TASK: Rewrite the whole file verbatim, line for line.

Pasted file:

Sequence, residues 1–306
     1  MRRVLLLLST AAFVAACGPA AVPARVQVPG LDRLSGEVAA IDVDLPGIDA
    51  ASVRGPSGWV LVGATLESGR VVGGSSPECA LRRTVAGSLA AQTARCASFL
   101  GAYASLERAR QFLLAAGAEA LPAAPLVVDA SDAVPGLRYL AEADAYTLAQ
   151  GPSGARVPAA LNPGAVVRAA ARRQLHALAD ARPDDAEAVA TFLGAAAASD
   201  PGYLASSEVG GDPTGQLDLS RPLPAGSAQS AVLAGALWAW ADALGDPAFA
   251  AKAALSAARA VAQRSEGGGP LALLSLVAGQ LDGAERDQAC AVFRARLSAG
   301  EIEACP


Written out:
Sequence, residues 1–306
     1  MRRVLLLLST AAFVAACGPA AVPARVQVPG LDRLSGEVAA IDVDLPGIDA
    51  ASVRGPSGWV LVGATLESGR VVGGSSPECA LRRTVAGSLA AQTARCASFL
   101  GAYASLERAR QFLLAAGAEA LPAAPLVVDA SDAVPGLRYL AEADAYTLAQ
   151  GPSGARVPAA LNPGAVVRAA ARRQLHALAD ARPDDAEAVA TFLGAAAASD
   201  PGYLASSEVG GDPTGQLDLS RPLPAGSAQS AVLAGALWAW ADALGDPAFA
   251  AKAALSAARA VAQRSEGGGP LALLSLVAGQ LDGAERDQAC AVFRARLSAG
   301  EIEACP